Two vulnerabilities in SaltStack Salt, an open-source remote task and configuration management framework, are being actively exploited by attackers, CISA warns.
About SaltStack Salt
Salt is used for configuring, managing and monitoring servers in datacenters and cloud environments.
The Salt installation is the “master” and each server it monitors runs an API agent called a “minion”. The minions send state reports to the master and the master publishes update messages containing instructions/commands to the minions. The communication between the master and its minions is secured (encrypted).
About the vulnerabilities
Discovered by F-Secure researchers, CVE-2020-11651 (an authentication bypass flaw) and CVE-2020-11652 (a directory traversal flaw) can be exploited by remote, unauthenticated attackers.
According to the researchers, the vulnerabilities allow attackers to “connect to the ‘request server’ port to bypass all authentication and authorization controls and publish arbitrary control messages, read and write files anywhere on the ‘master’ server filesystem and steal the secret key used to authenticate to the master as root.”
The attackers can thusly achieve remote command execution as root on both the master and all minions that connect to it.
The vulnerabilities affect all Salt versions prior to 2019.2.4 and 3000.2, which were released last week.
“Adding network security controls that restrict access to the salt master (ports 4505 and 4506 being the defaults) to known minions, or at least block the wider Internet, would also be prudent as the authentication and authorization controls provided by Salt are not currently robust enough to be exposed to hostile networks,” the researchers added.
F-Secure warned that there are over 6,000 Salt masters exposed to the public Internet, so they chose not to publish a PoC.
But, they said, “any competent hacker will be able to create 100% reliable exploits for these issues in under 24 hours,” and they were right: a few days later a researcher reported their honeypots already being targeted.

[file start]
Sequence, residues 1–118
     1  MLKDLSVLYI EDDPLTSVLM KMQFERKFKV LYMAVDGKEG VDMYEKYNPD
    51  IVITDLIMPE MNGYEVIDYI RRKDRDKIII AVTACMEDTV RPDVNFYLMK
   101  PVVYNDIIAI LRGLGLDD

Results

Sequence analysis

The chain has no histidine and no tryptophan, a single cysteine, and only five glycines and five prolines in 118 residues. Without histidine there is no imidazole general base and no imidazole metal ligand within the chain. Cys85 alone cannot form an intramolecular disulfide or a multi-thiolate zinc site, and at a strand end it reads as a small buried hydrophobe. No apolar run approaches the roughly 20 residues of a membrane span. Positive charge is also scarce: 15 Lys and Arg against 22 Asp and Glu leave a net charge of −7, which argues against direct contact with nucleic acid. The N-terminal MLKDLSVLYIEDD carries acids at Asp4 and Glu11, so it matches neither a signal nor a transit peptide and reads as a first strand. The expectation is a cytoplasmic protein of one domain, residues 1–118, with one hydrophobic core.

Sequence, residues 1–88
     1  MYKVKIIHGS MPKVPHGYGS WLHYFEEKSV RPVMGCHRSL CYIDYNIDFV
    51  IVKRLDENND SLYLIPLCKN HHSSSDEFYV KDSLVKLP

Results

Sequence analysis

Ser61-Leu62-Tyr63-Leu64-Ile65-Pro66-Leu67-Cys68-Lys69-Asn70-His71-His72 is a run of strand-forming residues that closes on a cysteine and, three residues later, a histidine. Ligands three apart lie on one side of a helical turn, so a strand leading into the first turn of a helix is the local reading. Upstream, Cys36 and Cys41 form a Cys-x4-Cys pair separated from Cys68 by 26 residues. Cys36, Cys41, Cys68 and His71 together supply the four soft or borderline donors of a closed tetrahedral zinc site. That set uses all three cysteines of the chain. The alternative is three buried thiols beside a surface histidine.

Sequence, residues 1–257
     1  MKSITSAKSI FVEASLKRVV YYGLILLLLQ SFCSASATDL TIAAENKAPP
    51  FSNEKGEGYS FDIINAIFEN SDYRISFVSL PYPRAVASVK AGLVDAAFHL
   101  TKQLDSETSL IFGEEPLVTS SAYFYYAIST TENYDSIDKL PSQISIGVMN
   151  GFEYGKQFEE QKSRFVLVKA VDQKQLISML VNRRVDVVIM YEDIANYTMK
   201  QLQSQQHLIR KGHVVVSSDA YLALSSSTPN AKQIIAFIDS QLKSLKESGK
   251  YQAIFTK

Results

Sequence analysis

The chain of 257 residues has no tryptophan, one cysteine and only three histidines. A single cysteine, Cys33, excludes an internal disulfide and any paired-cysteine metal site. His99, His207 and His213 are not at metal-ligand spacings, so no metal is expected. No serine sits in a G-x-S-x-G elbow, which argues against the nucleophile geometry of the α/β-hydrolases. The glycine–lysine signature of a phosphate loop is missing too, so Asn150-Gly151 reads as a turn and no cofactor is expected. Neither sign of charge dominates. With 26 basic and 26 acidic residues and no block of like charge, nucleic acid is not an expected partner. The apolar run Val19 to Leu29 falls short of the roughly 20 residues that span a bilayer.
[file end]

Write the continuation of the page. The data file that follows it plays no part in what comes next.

Even though SaltStack did send an advanced notice about the critical nature of the flaws and the need for a quick update and additional mitigation actions to their users, not everybody reacted promptly.
During the weekend, attackers successfully leveraged the flaws to gain access to the infrastructure of the LineageOS project, the Ghost blogging platform, and one of the Certificate Transparency logs (CT2) operated by DigiCert. In all three cases, the attackers’ goal was to install cryptominers.
UPDATE (May 4, 2020, 5:10 a.m. PT):
“Upon notification of the CVE, SaltStack took immediate action to remediate the vulnerability, develop and issue patches, and communicate to our customers about the affected versions so they can prepare their systems for update. Although there was no initial evidence that the CVE had been exploited, we have confirmed that some vulnerable, unpatched systems have been accessed by unauthorized users since the release of the patches,” Alex Peay, SVP, Product and Marketing, SaltStack, told Help Net Security.
“We must reinforce how critical it is that all Salt users patch their systems and follow the guidance we have provided outlining steps for remediation and best practices for Salt environment security. It is equally important to upgrade to latest versions of the platform and register with support for future awareness of any possible issues and remediations. As the primary maintainers of the Salt Open Project, trusted by the world’s largest businesses to automate digital infrastructure operations and security, we take this vulnerability and the security of our platform very seriously. More information about our response and handling of CVEs is available in our Knowledge Base.”
UPDATE (May 4, 2020, 9:45 a.m. PT):
“Yesterday, May 3, DigiCert announced that it is deactivating its Certificate Transparency (CT) 2 log server after determining that the key used to sign SCTs may have been exposed via critical SALT vulnerabilities. We do not believe the key was used to sign SCTs outside of the CT log’s normal operation, though as a precaution, CAs that received SCTs from the CT2 log after May 2 at 5 p.m. U.S. Mountain Daylight Time (MDT) should receive an SCT from another trusted log,” a DigiCert spokesperson told Help Net Security.
“Three other DigiCert CT logs: CT1, Yeti and Nessie, are not affected as they are run on completely different infrastructure. The impacts are limited to only the CT2 log and no other part of DigiCert’s CA or CT Log systems.”
The spokesperson added that DigiCert has been planning for some time to shut down CT2, in order to move the industry toward their newer and more robust CT logs, Yeti and Nessie.
“We notified the industry of our intention to terminate signing operations of CT2 on May 1 but pushed back the date based on industry feedback. This timeline has now been moved up, with the CT2 log in read-only mode effective May 3,” they explained.
“Because of Google’s implementation of CT that requires SCTs be posted in multiple logs in order for a certificate to be valid, active TLS certificates posted to the CT2 log should continue to work as expected if issued before May 2 at 5 p.m. MDT.”